Vatican City, 18 Mar 2016
The first thing we must recognise is that slavery is a profoundly political issue: it is about power and exclusion from power. Consequently anti-slavery work must, by its very nature, be contentious.
Slavery is sometimes a result of the cataclysm of war. We see that in the tragic histories of Sudan, Syria and Nigeria. But slavery also exists because of the way we have chosen to establish national and international laws, policies and customs relating to development, employment, trade and business. It is in the opportunities provided by these systems that slavery flourishes.
For example child labour and child slavery, including early marriage, are a global affliction because we have failed as a human society to establish a decent system of education. There are too few schools, and where there are schools, amongst other failings, the curriculum is often poor, ignoring girls needs, and with no provision for decent vocational and entrepreneurial education.
Alternatively in South Asia there is such limited rule of law that factory owners can with impunity enslave girls and young women to produce the very garments that many of us are wearing this morning.
The Qatar 2022 World Cup is being prepared by forced labour. Across the entire Arabian peninsula domestic workers are routinely enslaved. At the root of these systems of slavery is the Kafala system. This provides a legal prohibition on workers escaping even the most abusive of employment relationships.
It is a cynical system to legally facilitate medieval levels of exploitation and enslavement.
It is also essentially the same system that the UK government has in place for overseas domestic workers. The reforms that that government is currently proposing are cosmetic. They will do little to alter this de facto legalisation of trafficking for domestic servitude of many who are mothers sacrificing their lives and freedom in the hope of a better life for their children.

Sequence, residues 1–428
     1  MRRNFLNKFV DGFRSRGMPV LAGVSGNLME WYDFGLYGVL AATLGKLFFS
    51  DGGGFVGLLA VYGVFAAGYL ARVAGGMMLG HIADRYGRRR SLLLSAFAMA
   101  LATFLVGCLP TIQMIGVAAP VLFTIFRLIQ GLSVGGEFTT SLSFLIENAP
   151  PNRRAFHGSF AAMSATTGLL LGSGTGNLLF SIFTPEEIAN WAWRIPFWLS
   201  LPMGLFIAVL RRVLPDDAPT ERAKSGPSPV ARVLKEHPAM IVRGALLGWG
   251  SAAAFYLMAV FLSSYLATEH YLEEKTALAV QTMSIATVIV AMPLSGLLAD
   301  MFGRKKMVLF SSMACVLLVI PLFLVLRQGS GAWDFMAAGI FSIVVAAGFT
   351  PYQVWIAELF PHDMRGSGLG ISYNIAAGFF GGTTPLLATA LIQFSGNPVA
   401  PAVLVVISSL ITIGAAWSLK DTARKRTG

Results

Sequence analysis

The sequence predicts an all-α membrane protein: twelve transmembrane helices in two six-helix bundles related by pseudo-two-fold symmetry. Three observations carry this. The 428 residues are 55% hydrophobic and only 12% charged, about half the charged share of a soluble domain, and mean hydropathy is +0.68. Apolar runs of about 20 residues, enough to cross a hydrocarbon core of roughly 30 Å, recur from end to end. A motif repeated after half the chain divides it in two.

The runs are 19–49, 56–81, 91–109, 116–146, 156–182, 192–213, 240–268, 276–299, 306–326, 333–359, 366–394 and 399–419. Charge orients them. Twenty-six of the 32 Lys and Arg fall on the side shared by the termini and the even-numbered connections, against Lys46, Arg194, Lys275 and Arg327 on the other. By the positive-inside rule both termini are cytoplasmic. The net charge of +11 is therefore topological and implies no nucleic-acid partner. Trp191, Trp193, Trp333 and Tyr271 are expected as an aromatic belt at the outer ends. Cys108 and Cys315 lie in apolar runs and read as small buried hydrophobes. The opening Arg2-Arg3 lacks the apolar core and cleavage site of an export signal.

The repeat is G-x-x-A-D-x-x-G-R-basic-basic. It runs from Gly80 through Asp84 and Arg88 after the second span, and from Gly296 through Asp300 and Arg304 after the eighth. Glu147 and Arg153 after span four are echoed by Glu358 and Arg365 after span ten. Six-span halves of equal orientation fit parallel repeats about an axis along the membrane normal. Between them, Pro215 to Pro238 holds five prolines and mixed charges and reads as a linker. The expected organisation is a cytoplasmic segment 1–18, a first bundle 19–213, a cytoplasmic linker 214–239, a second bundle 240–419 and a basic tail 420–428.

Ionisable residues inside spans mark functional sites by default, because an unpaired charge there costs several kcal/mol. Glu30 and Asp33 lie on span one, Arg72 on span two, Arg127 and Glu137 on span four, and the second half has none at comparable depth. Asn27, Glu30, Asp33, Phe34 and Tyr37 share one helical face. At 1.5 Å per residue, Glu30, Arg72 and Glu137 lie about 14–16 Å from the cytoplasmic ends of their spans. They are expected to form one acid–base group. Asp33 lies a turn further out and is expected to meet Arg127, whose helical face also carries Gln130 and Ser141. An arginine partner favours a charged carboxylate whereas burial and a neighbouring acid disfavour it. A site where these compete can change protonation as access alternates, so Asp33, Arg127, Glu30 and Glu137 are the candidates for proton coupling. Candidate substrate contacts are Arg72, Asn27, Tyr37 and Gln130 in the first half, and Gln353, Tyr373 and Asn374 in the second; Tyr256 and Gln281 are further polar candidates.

Jesus said, “I bring not peace but the sword”, because no system of injustice has ever been ended without conflict, and perhaps the greatest sin in the face of injustice is silence. Thus will it be with slavery. It will entail confrontation with those who selfishly guard the rules and resources that underpin it.
Towards this end we must renew the struggle to obtain decent education for all, particularly girls, particularly Dalits and Adavasi, and the children of refugees and migrants.
We must loudly and publicly repudiate the sin of caste based apartheid which scars not only Hinduism, but also Islam and Christianity and underpins slavery in South Asia.
Business must stand with civil society to repudiate law and policy that eliminates the most basic protections for vulnerable workers and increases their risks of enslavement.
President Obama’s recent move to empower public officials to exclude slavery tainted goods from the US market is a significant one. It represents an extension of the rule of human rights law into the realm of international trade. As a result it threatens consequences to those that have tolerated, or worse, facilitated, slavery as a foundational element in their economic policies.
Europe should follow suit and put in place similar powers. Again this is something which ethical business leaders should demand if they truly want to prove themselves against slavery.
It is important for government, business and civil society to work together against slavery. But, paradoxically, if that work is not painful and thankless it will probably be worthless. We must seek empowerment for those enslaved, not mere superficial changes to unjust systems. But, if we have the courage to grasp that challenge, we may also transform a moment of history for vulnerable people across the world.